The Movie Waffler New Release Review [Cinema] - ROBUST | The Movie Waffler

New Release Review [Cinema] - ROBUST

robust review
A young bodyguard is assigned to a crotchety veteran actor.

Review by Eric Hillis

Directed by: Constance Meyer

Starring: Gérard Depardieu, Déborah Lukumuena, Lucas Mortier, Megan Northam, Caroline Donnelly

robust poster

Ever since the breakout success of 2011's Intouchables, French cinema has offered several similar movies with such odd couple dynamics. The latest, Robust, comes from writer/director Constance Meyer and boasts two heavyweight (both literal and metaphorical) performances from Gallic screen legend Gérard Depardieu and rising star Déborah Lukumuena.

robust review

Depardieu is a natural fit for the role of Georges, a cantankerous aging actor who finds himself assigned a new bodyguard when his regular man is called away. The job goes to 24-year-old Aïssa (Lukumuena), who is a promising wrestler when she's not performing her day job.

Thankfully Robust avoids the sort of clichéd dynamic you might expect from its combination of a grouchy rich old white man and a young black woman. Indeed, race is never mentioned, and once Georges gets over the initial shock of being assigned a female bodyguard, neither is gender.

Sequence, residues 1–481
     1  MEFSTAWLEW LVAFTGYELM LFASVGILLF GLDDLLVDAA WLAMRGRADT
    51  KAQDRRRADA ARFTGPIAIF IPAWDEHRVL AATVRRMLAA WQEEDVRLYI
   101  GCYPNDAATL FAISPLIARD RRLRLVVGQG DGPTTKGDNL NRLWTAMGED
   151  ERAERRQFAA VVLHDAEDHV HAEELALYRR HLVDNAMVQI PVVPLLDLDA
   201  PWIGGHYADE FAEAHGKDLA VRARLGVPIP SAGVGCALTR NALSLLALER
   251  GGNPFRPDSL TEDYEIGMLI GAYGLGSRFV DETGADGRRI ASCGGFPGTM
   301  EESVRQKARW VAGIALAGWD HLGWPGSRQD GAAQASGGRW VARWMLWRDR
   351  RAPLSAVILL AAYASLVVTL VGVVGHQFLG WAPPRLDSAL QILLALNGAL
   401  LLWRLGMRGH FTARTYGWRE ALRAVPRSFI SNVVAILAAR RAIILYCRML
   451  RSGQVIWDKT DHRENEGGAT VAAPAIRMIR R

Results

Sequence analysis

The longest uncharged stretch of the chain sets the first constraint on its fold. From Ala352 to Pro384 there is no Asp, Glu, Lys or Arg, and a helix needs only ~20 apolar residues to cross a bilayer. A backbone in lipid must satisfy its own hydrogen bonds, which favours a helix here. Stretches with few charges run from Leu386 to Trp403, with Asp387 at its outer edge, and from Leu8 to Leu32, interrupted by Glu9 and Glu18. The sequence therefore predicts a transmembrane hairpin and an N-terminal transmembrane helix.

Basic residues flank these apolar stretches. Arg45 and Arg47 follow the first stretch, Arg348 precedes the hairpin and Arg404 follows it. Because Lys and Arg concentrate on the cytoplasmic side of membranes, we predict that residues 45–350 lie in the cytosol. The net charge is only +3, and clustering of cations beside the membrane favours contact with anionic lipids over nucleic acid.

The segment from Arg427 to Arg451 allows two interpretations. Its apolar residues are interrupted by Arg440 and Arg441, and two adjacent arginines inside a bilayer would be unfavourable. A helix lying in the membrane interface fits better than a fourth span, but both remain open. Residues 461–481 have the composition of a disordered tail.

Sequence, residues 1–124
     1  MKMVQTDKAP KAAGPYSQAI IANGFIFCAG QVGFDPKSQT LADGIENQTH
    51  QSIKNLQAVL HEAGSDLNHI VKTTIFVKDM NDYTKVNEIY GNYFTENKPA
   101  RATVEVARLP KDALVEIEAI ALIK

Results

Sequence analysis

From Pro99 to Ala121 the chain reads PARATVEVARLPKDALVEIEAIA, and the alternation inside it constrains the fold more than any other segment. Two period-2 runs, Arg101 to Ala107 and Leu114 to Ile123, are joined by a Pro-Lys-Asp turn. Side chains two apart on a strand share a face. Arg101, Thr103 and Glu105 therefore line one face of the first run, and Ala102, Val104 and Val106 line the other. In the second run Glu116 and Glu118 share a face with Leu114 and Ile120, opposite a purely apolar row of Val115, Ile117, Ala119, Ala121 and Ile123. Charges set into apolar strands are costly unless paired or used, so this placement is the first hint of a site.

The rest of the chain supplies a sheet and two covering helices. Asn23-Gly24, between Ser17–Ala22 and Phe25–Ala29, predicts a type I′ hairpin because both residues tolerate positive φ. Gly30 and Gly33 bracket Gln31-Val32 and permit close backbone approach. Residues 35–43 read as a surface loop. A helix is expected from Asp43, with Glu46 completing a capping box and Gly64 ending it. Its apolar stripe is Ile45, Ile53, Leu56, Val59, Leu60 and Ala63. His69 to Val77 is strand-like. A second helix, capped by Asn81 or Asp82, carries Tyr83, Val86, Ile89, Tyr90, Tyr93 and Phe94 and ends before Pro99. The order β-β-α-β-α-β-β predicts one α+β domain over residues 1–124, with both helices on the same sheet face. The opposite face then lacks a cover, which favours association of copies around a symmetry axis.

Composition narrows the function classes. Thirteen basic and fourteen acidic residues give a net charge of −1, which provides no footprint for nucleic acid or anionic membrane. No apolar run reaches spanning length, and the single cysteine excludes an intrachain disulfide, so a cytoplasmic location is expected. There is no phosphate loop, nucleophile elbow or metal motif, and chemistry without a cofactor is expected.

robust review

This isn't so much a movie about a clash of cultures or personality types so much as it's about two people who seem very different but learn they have a lot in common. As an actor, Georges spends much of his life pretending to be someone else, and as a bodyguard, Aïssa is required to suppress her personality and blend into the background. Georges' profession requires him to be larger than life, while Aïssa's asks her to be invisible, but they're both essentially performers.

Once the pair accept one another, Robust becomes a charming drama about an initially unlikely friendship. When they're apart, we see that neither Georges nor Aïssa are particularly content with their lot in life. There's a wonderful scene in which Georges rudely interrupts Aïssa's date with a co-worker she's been sleeping with. Georges asks the man if he loves Aïssa, which leads her to speak one of the saddest lines I've heard in quite some time – "I know he doesn't love me, I just didn't need to hear it." At the opposite end of life as his young minder, Georges has no such time to waste on flings. Everything has to mean something at his point in life.

robust review

Unfortunately, the movie itself doesn't seem to share Georges' idea that time is precious, as it wastes much of its first hour on subplots and details that ultimately prove inconsequential. It functions best when Depardieu and Lukumuena are sharing the screen, their characters pretending to ignore the other's advice but taking it all in nonetheless. If this were the pilot for a TV show, its structure would be forgivable as we'd be aware we'll get to spend more time with these two people. As it is, Robust ends just at the point when we're finally beginning to warm to its protagonists.

 is in UK cinemas from July 22nd.